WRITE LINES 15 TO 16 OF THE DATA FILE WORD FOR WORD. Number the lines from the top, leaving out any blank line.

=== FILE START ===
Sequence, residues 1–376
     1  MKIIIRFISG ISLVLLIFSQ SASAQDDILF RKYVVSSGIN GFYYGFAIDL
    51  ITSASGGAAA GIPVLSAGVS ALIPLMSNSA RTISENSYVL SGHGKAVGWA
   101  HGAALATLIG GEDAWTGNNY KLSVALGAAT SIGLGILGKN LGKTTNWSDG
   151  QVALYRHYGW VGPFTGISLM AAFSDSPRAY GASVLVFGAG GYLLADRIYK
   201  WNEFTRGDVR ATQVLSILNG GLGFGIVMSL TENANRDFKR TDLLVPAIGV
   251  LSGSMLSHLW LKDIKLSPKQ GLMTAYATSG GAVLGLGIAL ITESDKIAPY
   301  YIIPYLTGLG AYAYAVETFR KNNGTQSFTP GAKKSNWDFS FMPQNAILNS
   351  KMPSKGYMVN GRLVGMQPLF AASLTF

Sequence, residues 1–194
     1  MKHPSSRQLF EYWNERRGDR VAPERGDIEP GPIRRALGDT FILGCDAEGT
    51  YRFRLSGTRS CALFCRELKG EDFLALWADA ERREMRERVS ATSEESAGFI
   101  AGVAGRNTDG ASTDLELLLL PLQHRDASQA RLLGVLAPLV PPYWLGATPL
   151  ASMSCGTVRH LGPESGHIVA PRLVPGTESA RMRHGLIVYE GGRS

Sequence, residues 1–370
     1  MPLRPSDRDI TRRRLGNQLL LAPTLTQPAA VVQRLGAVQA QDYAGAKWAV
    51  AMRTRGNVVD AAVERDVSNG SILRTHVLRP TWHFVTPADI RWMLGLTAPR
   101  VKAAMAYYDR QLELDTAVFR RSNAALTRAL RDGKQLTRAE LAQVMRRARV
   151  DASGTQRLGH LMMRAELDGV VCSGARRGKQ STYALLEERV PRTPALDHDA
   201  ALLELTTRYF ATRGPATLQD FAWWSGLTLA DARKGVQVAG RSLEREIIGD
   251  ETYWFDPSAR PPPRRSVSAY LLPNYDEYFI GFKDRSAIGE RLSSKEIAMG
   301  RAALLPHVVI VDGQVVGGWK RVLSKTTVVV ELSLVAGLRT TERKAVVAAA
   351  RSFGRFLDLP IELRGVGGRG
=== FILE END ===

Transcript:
Sequence, residues 1–370
     1  MPLRPSDRDI TRRRLGNQLL LAPTLTQPAA VVQRLGAVQA QDYAGAKWAV